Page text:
Though there had been talk in the theater of launching such operations on the Italian west coast, the necessity to do so became increasingly clear as autumn turned to winter. Not only did the Germans continue resourcefully to deny the Allies quick access to Rome, but the bitterly fought campaign in southern Italy seemed to be approaching a stalemate. In this context, a surprise amphibious landing behind the enemy lines appeared the only way of transforming the static warfare of the Italian campaign into a swift war of movement where the superior mechanized equipment of the Allies could be employed to advantage.

Within this frame of reference, two place names became prominent: Anzio and the Alban Hills. The beaches near Anzio, thirty-five miles due south of Rome, were suitable for amphibious landings, and the open terrain of the low, relatively level coastal plain around Anzio was favorable for maneuver. Good roads led to the Alban Hills, some twenty miles inland. The Alban high ground, fifteen miles southeast of the center of Rome, rises between the two main west coast highways leading to the capital. Dominating the southern approaches to the city, the hill complex was the last barrier the Germans could use to bar an Allied entry into Rome.

Early in October 1943, a month after the Salerno invasion, Lt. Gen. Mark W. Clark was sufficiently interested in waterborne end runs to form a special amphibious planning staff and make it part of his Fifth US Army G-3 Section. The function of the special group was to investigate in detail all possible amphibious opportunities on the west coast of Italy, a task complicated by the lack of available troops and landing craft, the difficulty of finding suitable beaches within supporting distance of the main Fifth Army forces, and the generally unfavorable tactical situation.

Authors Notes: Planning papers on the Italian invasion during the first nine months of 1943 refer often to the need not only for amphibious hooks but also for Rome. See Allied Force Headquarters (AFHQ) Microfilms.

During late October and early November, General Dwight D. Eisenhower, the Supreme Allied Commander in the Mediterranean theater, discussed with his senior subordinate commanders the possibility of making amphibious landings on the west coast as a means of maintaining the momentum of the lagging offensive in Italy. The major problem was to secure enough landing vessels to make such an effort feasible. More than two-thirds of the ninety LST's then in the Mediterranean had to be released by 15 December for employment elsewhere in future operations already planned; until that date the landing ships were needed to transport ground troops and supplies, as well as Strategic Air Force units, from North Africa and Sicily into Italy to accelerate the buildup of Allied forces.

The senior commanders in the theater were in agreement that if enough landing ships and craft could be retained beyond mid-December, an amphibious operation ought to be mounted to support the main offensive oriented on Rome. General Sir Harold R. L. G. Alexander, commander of the ground forces in Italy, felt that if the Allies could penetrate the main German defenses in south Italy, Allied troops landed on the enemy flank below Rome might so threaten German communications as to compel the enemy to retreat.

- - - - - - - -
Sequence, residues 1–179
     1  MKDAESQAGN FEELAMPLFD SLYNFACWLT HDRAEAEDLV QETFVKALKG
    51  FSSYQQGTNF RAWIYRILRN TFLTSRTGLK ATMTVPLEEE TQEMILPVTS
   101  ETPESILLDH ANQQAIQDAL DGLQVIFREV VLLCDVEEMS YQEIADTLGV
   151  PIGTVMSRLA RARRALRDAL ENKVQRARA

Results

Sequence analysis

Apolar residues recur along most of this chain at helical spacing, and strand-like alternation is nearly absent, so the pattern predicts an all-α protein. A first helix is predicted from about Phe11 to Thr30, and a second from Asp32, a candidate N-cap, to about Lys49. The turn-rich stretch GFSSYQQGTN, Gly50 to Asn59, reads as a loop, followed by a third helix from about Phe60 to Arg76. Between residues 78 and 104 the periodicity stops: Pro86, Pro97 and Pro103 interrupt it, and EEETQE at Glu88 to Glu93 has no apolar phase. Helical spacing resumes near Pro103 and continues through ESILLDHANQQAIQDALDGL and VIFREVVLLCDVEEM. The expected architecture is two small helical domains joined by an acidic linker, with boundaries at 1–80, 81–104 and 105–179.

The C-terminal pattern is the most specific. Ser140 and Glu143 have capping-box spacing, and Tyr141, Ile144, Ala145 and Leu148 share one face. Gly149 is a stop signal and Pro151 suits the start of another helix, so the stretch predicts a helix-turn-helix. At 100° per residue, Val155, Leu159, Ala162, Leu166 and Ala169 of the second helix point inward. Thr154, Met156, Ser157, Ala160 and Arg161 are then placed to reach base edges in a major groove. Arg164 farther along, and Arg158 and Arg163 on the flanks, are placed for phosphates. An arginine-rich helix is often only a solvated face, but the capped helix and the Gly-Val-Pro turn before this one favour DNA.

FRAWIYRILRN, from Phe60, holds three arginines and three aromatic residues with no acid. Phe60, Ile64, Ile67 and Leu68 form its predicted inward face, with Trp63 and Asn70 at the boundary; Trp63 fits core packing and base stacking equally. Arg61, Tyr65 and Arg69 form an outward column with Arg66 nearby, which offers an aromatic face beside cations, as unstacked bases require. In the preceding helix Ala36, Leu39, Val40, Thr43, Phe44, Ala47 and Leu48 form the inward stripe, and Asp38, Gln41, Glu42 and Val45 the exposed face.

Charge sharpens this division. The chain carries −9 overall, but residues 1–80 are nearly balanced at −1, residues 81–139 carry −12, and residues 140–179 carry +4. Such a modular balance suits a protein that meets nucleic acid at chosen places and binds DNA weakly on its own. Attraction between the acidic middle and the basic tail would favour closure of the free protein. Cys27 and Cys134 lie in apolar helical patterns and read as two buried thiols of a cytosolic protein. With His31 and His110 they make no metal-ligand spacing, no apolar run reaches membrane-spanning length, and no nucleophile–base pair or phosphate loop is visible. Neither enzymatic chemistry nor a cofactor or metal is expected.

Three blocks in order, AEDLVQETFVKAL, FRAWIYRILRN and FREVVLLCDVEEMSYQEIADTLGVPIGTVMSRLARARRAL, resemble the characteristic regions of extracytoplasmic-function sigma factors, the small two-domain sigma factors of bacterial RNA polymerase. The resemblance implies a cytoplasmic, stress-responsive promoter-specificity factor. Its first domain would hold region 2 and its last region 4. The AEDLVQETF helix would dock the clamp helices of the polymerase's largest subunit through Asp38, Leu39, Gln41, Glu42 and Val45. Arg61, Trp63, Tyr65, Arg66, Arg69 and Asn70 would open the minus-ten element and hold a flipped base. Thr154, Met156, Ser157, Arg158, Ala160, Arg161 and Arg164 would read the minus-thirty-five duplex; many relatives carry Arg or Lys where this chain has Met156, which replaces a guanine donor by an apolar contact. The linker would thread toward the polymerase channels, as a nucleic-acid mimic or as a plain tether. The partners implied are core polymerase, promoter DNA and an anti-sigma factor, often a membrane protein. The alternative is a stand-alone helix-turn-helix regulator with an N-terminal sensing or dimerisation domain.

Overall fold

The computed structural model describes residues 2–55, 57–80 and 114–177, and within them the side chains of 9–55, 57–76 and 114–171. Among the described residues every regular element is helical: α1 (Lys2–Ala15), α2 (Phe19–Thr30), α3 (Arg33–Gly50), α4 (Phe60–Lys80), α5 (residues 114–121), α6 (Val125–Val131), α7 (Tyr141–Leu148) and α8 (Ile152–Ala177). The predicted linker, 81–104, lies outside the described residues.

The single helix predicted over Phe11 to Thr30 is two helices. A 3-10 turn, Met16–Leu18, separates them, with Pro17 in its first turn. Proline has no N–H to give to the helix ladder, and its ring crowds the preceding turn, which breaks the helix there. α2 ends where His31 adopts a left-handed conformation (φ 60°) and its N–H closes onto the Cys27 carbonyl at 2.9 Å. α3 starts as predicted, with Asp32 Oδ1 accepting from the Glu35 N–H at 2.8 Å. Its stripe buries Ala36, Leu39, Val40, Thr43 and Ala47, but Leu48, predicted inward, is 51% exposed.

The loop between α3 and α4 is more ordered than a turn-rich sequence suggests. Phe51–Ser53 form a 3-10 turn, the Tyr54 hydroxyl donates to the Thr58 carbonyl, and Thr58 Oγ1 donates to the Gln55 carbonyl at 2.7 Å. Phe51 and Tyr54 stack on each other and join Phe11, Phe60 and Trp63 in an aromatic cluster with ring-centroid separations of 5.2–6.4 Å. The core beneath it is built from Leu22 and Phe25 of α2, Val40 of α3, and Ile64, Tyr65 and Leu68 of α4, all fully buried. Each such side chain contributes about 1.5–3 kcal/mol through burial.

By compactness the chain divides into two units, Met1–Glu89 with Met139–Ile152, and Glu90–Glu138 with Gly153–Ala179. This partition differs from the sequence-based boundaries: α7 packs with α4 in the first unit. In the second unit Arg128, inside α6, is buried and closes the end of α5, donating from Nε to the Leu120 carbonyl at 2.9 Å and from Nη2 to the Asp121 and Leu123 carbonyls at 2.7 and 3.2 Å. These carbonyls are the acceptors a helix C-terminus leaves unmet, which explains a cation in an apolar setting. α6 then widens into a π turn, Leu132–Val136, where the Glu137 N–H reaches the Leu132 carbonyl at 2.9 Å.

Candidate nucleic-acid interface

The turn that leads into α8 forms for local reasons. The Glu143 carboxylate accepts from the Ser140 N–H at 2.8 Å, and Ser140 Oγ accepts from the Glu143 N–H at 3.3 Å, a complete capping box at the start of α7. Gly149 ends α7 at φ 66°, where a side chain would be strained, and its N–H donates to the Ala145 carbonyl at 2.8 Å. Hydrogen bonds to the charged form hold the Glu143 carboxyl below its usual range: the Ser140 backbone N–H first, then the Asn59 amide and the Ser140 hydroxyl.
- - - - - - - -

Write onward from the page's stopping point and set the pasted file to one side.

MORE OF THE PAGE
As the first step in clarifying the requirements of such an operation, Alexander on 8 November 1943 instructed the Fifth Army to draw a plan. To guide the army staff, Alexander's 15 Army Group headquarters set forth his general concept. As part of a drive on Rome, an amphibious operation south of Rome was to be directed on the Alban Hills; combined with a frontal assault on the main enemy line, the landing threatening the enemy rear was to dispossess the Germans of the last defensive position on the southern approaches to Rome.

The Fifth Army drew an outline plan, and on 25 November General Clark approved what was code-named Operation SHINGLE. An amphibious landing at Anzio was to take place after the Fifth Army reached the Capistrello-Ferentino-Priverno line near Frosinone (about forty miles southeast of Rome) and was ready to institute an all-out drive toward the Alban Hills. The Anzio force was to be small and its effort subsidiary. Its function was to assist the major Fifth Army forces in their main effort to capture the Alban hill mass. Linkup between the main and the Anzio fronts, it was assumed, would take place no later than seven days after the landing.

Though complying with Alexander's general desire, Clark's army plan reversed the roles of the participating forces. According to Alexander, the Anzio force was to capture the Alban Hills. According to Clark, the main Fifth Army forces were to seize the hill mass.

Reconciliation of the two concepts did not seem important for the moment, for it began to appear that SHINGLE was doomed to indefinite postponement. Though the theater received permission to retain sufficient landing ships and craft to make an amphibious operation feasible, enemy resistance, mountainous terrain, and bad weather so bogged down the Fifth Army advance to the north that the army could not get within supporting distance of the projected landing site.

Editors Note: This is the accepted Anzio History of General Lucas' Actions; and is posted on the US Army Web-Site. - Bob Price/Editor

Operation Shingle